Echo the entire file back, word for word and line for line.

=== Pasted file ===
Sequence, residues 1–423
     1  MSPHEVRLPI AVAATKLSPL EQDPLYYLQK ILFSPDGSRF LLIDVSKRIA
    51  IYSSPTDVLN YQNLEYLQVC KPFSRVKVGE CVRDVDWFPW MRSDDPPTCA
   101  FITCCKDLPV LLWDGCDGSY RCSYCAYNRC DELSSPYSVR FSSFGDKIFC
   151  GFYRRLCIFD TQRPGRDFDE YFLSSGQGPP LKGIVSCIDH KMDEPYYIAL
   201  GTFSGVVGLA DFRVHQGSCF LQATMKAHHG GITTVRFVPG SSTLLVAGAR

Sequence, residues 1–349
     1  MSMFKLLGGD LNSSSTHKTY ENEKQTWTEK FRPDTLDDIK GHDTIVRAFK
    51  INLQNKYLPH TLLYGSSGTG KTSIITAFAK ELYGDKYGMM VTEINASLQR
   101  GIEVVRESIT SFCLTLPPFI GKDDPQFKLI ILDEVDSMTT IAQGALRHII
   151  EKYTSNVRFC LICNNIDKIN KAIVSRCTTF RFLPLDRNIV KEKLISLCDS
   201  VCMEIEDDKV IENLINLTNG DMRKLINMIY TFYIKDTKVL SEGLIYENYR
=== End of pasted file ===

Sequence, residues 1–423
     1  MSPHEVRLPI AVAATKLSPL EQDPLYYLQK ILFSPDGSRF LLIDVSKRIA
    51  IYSSPTDVLN YQNLEYLQVC KPFSRVKVGE CVRDVDWFPW MRSDDPPTCA
   101  FITCCKDLPV LLWDGCDGSY RCSYCAYNRC DELSSPYSVR FSSFGDKIFC
   151  GFYRRLCIFD TQRPGRDFDE YFLSSGQGPP LKGIVSCIDH KMDEPYYIAL
   201  GTFSGVVGLA DFRVHQGSCF LQATMKAHHG GITTVRFVPG SSTLLVAGAR

Sequence, residues 1–349
     1  MSMFKLLGGD LNSSSTHKTY ENEKQTWTEK FRPDTLDDIK GHDTIVRAFK
    51  INLQNKYLPH TLLYGSSGTG KTSIITAFAK ELYGDKYGMM VTEINASLQR
   101  GIEVVRESIT SFCLTLPPFI GKDDPQFKLI ILDEVDSMTT IAQGALRHII
   151  EKYTSNVRFC LICNNIDKIN KAIVSRCTTF RFLPLDRNIV KEKLISLCDS
   201  VCMEIEDDKV IENLINLTNG DMRKLINMIY TFYIKDTKVL SEGLIYENYR